Florida Coastal fish species

By Tobey Curtis

Do you take your young kids to a daycare or nursery? These are places where we expect our children to be, at minimum, safe and nurtured. Nurseries help ensure survival and growth to a well-adjusted adulthood. It turns out that many ocean-going fish use the same strategy for their young.

It has long been recognized that numerous offshore fish, including important recreational and commercial species like bluefish, flounders, snappers, and sharks, are dependent on shallow coastal bays, lagoons, and estuaries as juveniles. These shallow, protected waters offer habitats like seagrass beds, mangroves, or marshes that can shield young fish from predators and provide abundant food. Then, as fish eventually outgrow their shallow nursery habitats, they transition to offshore areas where they mix with the adult population.

Shallow fish nursery areas, like this mangrove habitat, provide food and protection for young fish. Photo: Brian Skerry.

This is why it is so troubling to hear about ongoing habitat destruction and degradation in coastal zones. Any habitat alterations that reduce the abundance of prey or take away shelter from potential predators can reduce the “nursery effect, ” and may eventually reduce adult fish populations (i.e., through loss of recruits). Nearshore habitat degradation, therefore, can directly affect the offshore environment.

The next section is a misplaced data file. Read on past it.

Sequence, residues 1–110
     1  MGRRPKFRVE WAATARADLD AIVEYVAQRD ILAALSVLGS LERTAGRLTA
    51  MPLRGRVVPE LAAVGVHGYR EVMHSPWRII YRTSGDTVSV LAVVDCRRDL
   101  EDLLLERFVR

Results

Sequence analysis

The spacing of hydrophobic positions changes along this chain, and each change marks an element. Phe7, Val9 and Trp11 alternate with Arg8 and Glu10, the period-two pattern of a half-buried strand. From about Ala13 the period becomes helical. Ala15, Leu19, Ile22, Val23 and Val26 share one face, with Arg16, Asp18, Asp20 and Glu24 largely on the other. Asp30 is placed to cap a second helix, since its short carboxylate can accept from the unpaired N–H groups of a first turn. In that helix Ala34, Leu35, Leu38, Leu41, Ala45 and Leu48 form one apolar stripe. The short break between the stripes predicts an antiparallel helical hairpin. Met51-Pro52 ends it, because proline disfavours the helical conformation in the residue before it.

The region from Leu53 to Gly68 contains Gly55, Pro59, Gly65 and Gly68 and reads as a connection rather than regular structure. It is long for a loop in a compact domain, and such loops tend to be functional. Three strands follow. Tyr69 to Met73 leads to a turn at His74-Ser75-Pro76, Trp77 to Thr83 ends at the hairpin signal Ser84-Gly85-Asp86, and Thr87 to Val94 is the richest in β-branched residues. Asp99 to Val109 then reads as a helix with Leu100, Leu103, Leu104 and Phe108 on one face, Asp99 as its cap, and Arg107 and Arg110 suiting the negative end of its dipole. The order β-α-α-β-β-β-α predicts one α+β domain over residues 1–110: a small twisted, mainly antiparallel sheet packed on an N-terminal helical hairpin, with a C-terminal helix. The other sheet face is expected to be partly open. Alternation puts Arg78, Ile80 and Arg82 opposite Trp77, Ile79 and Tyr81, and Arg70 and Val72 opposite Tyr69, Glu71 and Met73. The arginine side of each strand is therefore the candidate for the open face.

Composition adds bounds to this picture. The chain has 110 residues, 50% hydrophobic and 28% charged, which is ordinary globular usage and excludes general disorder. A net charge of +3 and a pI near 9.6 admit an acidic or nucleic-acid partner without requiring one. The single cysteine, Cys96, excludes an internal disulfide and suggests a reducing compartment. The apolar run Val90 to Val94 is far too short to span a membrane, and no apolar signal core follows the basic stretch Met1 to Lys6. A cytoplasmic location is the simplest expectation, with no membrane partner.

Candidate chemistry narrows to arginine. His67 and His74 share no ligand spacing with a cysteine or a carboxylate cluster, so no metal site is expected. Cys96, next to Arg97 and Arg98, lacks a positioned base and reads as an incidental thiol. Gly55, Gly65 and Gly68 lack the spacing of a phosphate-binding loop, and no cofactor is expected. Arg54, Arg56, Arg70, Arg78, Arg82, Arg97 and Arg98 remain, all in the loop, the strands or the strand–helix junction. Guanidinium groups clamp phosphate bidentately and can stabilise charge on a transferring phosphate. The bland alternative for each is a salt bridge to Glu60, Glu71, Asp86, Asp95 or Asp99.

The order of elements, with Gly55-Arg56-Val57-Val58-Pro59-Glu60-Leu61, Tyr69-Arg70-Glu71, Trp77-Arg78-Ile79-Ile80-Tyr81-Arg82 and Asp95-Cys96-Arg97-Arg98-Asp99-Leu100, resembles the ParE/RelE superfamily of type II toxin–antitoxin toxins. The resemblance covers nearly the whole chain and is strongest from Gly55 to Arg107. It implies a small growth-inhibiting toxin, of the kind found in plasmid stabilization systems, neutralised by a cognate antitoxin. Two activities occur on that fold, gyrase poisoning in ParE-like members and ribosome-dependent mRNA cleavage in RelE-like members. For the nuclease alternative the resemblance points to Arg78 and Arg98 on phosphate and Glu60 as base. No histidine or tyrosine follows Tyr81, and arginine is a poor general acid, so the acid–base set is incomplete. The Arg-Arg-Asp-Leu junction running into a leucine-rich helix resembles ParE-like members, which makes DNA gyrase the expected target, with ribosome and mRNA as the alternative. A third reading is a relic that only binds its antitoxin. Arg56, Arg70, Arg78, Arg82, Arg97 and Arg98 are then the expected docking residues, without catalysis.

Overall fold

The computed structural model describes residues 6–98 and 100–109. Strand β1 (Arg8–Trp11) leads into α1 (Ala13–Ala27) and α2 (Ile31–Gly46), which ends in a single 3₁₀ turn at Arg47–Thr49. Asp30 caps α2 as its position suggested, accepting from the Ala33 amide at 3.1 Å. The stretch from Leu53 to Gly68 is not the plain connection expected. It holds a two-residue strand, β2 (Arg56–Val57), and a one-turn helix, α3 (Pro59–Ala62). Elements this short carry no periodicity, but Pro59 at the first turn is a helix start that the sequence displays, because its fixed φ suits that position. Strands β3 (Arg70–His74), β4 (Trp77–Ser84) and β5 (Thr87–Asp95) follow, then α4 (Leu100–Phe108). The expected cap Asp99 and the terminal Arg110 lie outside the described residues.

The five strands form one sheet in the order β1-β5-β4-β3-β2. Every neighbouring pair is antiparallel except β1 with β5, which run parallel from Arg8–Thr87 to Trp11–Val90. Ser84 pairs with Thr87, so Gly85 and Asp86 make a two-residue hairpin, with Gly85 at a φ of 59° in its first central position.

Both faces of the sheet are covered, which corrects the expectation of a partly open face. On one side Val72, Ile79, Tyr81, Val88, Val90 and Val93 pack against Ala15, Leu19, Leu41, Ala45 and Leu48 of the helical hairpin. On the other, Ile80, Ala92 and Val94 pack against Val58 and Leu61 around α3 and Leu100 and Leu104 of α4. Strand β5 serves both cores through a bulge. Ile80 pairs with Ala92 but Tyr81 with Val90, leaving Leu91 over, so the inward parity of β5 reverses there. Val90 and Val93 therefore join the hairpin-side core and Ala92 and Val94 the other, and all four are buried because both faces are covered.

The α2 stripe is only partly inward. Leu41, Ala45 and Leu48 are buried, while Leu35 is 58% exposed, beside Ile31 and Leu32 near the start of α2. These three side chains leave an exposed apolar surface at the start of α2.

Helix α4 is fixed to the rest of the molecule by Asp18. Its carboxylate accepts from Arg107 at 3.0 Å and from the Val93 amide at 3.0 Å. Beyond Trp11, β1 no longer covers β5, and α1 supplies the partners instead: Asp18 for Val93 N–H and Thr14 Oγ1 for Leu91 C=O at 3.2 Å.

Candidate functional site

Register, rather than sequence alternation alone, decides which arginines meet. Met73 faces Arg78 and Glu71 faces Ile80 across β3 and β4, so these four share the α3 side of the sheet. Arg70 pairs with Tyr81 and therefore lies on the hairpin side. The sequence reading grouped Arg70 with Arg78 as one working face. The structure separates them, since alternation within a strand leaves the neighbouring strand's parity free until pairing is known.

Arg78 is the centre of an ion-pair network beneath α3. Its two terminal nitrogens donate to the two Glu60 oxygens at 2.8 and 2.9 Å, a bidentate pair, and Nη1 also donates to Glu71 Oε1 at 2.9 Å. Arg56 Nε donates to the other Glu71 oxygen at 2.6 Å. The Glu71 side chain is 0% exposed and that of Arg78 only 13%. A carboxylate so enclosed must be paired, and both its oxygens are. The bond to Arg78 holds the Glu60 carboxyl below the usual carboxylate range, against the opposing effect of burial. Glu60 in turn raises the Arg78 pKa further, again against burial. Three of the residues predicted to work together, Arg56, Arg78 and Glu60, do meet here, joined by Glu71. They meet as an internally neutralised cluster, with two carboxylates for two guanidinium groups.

A recent example of the consequences of pollution and habitat degradation in a nursery area is the Indian River Lagoon (IRL) along Florida’s Atlantic coast. The IRL is considered the most biologically diverse estuary in North America, and is home to over 400 species of fish, many of which use the lagoon as a juvenile nursery. The lagoon is world famous for its sport fisheries for snook, red drum, spotted sea trout, and tarpon, and is a well-studied nursery area for bull sharks.


Now they released red wolves out

2013-02-02 05:15:14 by Batture

East.
Red Wolf Recovery program
The red wolf (Canis rufus) is one of the world's most endangered canids. Once common throughout the eastern and southcentral United States, red wolf populations were decimated by the early part of the 20th Century as a result of intensive predator control programs and the degradation and alteration of the species' habitat. The red wolf was designated an endangered species in 1967, and shortly thereafter the U.S. Fish and Wildlife Service initiated efforts to conserve the species. Today, more than 100 red wolves roam their native habitats in eastern North Carolina, and nearly 200 red wolves are maintained in captive breeding facilities throughout the United States.


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